Sunday, August 12, 2018

Russia is Ukraine’s ‘Younger Brother,’ Moscow Historian Says

Paul Goble

            Staunton, August 12 – Russians are so used to employing terms that slight the standing of those around them, be calling all former Soviet republics their country’s “near abroad,” or by referring to non-Russians nations as Russia’s “younger brothers,” terms they would find it hard to accept when applied by others to themselves.

            But, of course, all countries have just as much right to call their neighbors “the near abroad” as does Russia and many for historical and cultural reasons have an even more compelling case to call others their “younger brothers” than do the Russians with respect to non-Russians in and around them.

            Unfortunately, Russian use of these terms is so common that it isn’t news, but non-Russian use of them is – and especially so if a Moscow expert says that a non-Russian nation has the complete right to employ them regarding Russia.  That has now happened, and not surprisingly, Russian media have treated it as worthy of a headline.

            Viktor Mirnonenko, the head of the Center for Ukrainian Research of the Institute of Europe of the Russian Academy of Sciences, says that “beyond any doubt” Russia is “the younger brother of Ukraine. I say this as an historian … and am absolutely certain of this” (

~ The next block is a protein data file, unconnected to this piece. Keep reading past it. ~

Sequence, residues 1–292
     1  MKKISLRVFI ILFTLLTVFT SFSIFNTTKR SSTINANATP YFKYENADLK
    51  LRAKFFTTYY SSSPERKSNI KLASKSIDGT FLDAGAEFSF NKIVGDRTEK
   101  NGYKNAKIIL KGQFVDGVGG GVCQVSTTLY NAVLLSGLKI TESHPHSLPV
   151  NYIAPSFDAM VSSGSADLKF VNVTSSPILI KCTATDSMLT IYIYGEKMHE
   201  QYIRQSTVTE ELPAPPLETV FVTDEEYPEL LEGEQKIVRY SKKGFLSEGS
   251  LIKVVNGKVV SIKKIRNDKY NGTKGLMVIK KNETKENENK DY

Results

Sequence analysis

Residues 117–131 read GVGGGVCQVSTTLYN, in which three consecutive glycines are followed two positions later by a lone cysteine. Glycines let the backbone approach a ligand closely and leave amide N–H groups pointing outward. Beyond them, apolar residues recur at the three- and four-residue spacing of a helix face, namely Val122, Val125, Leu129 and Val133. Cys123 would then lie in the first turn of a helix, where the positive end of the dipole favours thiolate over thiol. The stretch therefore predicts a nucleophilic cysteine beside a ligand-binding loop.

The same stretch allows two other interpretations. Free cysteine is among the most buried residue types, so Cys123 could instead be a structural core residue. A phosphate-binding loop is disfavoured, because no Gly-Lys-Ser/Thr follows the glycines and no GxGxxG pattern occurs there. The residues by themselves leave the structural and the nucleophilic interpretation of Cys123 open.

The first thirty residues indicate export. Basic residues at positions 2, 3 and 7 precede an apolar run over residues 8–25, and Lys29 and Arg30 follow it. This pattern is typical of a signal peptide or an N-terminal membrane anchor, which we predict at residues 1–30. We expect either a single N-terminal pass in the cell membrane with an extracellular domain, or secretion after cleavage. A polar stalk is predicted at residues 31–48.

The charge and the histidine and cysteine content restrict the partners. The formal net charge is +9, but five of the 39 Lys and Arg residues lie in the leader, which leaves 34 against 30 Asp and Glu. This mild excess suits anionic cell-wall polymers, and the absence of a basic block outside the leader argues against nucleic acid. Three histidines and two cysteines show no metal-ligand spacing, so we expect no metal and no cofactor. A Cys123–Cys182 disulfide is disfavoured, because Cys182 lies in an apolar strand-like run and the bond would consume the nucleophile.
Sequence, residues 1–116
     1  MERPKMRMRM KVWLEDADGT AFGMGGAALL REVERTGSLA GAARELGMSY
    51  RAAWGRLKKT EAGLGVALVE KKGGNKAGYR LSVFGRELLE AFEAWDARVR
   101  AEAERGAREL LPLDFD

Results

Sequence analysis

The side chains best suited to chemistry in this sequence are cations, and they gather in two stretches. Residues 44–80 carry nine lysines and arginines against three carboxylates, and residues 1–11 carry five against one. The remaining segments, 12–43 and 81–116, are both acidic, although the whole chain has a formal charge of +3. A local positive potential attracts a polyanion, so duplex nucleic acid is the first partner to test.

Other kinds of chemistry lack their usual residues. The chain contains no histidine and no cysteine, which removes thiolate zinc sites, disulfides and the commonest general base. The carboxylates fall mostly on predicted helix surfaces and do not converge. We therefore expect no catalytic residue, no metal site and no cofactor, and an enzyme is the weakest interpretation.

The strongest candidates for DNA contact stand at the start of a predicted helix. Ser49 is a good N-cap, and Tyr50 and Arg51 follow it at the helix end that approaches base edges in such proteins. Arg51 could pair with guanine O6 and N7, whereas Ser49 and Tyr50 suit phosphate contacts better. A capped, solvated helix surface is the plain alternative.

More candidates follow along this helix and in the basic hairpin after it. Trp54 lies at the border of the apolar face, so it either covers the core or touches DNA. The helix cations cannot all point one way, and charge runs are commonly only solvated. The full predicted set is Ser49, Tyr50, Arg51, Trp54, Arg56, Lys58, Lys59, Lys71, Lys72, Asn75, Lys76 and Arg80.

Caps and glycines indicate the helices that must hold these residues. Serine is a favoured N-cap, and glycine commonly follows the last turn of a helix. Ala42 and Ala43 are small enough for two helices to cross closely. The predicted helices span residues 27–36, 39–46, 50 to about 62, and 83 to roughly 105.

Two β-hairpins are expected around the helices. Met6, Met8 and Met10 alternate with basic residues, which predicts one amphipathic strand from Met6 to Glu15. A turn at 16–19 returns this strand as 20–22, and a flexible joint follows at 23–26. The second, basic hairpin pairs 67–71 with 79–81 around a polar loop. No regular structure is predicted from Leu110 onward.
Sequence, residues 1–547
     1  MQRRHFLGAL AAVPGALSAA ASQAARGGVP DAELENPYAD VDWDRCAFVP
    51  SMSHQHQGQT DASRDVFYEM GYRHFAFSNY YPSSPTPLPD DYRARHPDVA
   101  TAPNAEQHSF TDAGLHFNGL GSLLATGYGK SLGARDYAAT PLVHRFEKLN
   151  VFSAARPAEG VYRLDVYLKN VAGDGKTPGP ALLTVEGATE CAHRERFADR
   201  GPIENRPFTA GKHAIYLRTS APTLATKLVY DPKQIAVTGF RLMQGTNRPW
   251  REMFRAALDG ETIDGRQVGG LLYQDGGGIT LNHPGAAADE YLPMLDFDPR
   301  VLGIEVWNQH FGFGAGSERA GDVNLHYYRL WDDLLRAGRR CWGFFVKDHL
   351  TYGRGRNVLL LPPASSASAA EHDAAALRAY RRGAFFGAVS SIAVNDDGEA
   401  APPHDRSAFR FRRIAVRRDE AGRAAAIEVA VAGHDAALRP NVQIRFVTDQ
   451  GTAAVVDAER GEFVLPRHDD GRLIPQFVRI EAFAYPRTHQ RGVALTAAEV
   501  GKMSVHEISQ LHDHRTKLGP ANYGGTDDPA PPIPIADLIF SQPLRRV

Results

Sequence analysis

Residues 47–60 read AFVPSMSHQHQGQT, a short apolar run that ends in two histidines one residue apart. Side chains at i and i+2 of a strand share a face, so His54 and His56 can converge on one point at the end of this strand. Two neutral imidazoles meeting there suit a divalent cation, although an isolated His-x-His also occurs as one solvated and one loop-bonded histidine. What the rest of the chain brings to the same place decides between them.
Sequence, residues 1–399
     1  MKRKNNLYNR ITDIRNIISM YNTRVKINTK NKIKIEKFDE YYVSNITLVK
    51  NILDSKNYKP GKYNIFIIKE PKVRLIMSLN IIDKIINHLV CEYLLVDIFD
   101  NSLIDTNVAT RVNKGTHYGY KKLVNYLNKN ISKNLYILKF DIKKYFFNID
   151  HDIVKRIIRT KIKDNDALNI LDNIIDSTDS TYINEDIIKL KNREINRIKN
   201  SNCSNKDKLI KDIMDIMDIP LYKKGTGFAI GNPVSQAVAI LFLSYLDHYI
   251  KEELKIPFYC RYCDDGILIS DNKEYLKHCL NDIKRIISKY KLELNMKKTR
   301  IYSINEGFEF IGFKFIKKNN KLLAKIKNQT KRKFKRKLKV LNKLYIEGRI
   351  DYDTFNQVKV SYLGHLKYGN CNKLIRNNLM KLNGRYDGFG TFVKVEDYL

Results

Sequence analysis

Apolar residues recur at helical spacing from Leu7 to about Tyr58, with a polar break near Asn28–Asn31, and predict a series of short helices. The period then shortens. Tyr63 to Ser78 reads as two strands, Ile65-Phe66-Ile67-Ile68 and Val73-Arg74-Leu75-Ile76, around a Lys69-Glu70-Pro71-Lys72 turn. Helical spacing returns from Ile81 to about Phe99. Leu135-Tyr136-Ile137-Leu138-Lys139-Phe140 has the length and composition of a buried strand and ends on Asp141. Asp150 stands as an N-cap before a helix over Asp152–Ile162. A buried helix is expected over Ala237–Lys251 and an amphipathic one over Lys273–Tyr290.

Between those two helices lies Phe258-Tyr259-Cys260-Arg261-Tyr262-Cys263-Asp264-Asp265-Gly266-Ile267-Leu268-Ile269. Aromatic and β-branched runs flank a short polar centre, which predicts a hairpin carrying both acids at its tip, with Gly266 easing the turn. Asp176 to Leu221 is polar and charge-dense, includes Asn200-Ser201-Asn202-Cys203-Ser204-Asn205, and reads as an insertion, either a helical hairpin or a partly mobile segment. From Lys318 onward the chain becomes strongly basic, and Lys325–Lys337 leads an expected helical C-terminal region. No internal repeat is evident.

According to the scholar, who traces his origins to Ukraine’s Chernihov, “Kyiv bears great responsibility for its ‘younger relative,’” given that “the main intellectual inflow into Russia from long ago has occurred via Ukraine.” In this, Ukraine plays a role for Russia similar to that which Great Britain plays of the United States.

            Not surprisingly, many Russians are outraged by Mironenko’s suggestion even though they themselves are quite happy to describe Ukrainians as Russia’s “younger brothers” and Ukraine as part of Russia’s “near abroad.” Indeed, they appear to view these terms when they use them as entirely natural.

            The reaction of Moscow commentator Grigory Pavlodubov is typical.  He says that the Ukrainian historian’s words are in the first instance “an attempt to strike at the self-identification of residents of the Russian state and the kind of speculation” one would expect from Ukrainian nationalists (

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